You are here

Flights Provide Perspective on Booming Wind Development in Wyoming

Wyoming wind sock in front of the National Weather Service building in Cheyenne, WY. photo: Tom Dietrich

Wyoming has world-class wind; just ask any pilot who has tried to plan a flight there. LightHawk volunteer pilot Mike Conway had to reschedule a flight with conservation photographer Dave Showalter for a week because of high winds. And it’s no coincidence that Shannon Rochelle, LightHawk Rockies program manager, trains for her ultra-marathons by running through "the Winds," or Wind River Range of Wyoming. But these days, Wyoming’s wind has stirred up both controversy and hope in equal measures.

Wind as the Way Forward

When not thwarting pilots, Wyoming's plentiful wind has an upside. It is a clean and abundant energy source that has the potential to reduce our reliance on petroleum, natural gas and coal. As photographer Showalter put it, “Wyoming and the surrounding western states bear the burden of developing energy responsibly and leaving some of our natural and Western heritage for future generations.”

"LightHawk pilot Mike Conway guided me... to photograph the footprint of wind farms and areas planned for development," said photographer Dave Showalter. "At times we could see wind turbines from foreground to horizon, spinning methodically in world-class wind." photo: Dave Showalter with aerial support from LightHawk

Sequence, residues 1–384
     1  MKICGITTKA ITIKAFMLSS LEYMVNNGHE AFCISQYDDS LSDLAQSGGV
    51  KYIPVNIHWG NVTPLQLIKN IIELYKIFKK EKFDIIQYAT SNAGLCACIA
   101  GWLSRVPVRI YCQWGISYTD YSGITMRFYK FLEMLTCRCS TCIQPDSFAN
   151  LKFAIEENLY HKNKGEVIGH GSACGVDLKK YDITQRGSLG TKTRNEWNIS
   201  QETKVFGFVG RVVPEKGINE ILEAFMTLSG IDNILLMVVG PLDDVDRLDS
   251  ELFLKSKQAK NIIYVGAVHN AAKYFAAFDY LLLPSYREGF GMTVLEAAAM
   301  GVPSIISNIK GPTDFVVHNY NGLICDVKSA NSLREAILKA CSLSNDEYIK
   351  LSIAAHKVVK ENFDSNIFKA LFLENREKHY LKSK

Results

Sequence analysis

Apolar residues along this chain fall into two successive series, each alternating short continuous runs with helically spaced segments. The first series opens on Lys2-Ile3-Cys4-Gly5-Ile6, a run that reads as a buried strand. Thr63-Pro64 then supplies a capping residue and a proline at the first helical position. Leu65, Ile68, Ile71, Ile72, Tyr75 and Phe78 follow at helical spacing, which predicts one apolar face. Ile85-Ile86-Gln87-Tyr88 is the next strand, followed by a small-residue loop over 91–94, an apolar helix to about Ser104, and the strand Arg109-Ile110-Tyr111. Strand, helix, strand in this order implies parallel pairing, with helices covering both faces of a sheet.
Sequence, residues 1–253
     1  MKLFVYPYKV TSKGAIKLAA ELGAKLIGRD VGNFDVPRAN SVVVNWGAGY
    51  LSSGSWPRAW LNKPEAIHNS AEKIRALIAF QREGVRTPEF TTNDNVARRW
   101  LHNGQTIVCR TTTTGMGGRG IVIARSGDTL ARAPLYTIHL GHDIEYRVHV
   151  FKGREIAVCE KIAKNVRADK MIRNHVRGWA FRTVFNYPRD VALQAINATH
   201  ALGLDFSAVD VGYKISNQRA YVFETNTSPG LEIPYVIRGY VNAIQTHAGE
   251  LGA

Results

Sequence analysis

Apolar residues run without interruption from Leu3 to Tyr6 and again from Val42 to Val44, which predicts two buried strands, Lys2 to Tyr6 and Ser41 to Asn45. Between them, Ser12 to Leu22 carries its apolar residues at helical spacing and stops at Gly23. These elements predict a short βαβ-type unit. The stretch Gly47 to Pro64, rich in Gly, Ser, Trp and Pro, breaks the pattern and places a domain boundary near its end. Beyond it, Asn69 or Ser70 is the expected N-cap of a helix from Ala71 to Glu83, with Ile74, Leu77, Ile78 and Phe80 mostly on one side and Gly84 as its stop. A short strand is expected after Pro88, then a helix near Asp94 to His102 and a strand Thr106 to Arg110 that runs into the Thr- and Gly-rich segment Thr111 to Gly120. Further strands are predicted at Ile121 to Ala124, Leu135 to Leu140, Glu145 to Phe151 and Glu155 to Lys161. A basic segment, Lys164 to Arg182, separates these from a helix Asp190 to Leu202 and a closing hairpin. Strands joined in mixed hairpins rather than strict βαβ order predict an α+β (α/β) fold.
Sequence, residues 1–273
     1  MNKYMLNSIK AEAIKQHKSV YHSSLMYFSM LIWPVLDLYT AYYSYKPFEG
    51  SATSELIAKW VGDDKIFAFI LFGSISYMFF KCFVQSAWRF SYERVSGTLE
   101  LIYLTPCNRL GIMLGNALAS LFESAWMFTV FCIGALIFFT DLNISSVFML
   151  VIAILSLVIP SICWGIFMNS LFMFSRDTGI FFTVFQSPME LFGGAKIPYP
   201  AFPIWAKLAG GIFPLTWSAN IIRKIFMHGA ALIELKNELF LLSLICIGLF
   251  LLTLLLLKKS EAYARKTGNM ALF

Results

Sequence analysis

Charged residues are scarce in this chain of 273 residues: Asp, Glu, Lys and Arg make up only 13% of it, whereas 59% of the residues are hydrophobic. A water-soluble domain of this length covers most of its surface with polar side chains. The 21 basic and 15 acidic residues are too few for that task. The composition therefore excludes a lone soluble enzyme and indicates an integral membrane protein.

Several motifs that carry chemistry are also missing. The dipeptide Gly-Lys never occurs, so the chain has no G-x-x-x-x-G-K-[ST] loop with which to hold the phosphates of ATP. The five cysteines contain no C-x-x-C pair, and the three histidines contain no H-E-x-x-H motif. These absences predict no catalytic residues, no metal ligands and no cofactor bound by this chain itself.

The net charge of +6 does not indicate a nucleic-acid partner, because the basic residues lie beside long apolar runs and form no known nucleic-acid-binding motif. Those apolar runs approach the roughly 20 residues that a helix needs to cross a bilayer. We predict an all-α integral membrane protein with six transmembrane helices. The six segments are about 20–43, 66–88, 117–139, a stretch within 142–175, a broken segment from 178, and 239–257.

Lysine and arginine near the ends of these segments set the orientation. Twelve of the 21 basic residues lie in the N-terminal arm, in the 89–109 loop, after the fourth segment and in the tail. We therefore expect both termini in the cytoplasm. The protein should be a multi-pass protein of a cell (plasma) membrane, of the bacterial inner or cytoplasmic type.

Volunteer pilot Mike Conway (Fort Collins, CO) allowed photographer Dave Showalter to capture aerial scenes from current and proposed sites of large-scale wind farms in south central Wyoming. Images made during this flight in Conway’s Husky airplane will be a central part of Dave’s Sage Spirit book/education and outreach project to advocate for developing energy responsibly in the West. “The Western energy portfolio of oil, natural gas, coal bed methane, geothermal, wind, and solar will be discussed for many years to come; and how we develop today, where we choose to fragment the land, will leave a lasting impact,” says Showalter. “It’s our obligation to challenge assumptions while viewing the West from a landscape perspective; and making images from a small airplane is a great place to start.”

Paving Over the (Sage Grouse) Disco

Harnessing wind isn’t without its controversy though. Birds run into turbines in an avian version of Don Quixote and bats suffer lung damage from sudden drops in air pressure caused by nearby blades. In addition, the service roads, out-buildings and transmission lines needed to support a wind farm can fragment habitat, interfering with migration corridors for pronghorn, elk, and deer and other species.

This infrastructure has also displaced sage grouse leks, the sites of sage grouse courtship dances. Visitors to these lek sites experience a flurry of feather waving, bowing, and sonic booms heard up to three miles away, which is widely considered to be one of the great wildlife spectacles on the continent.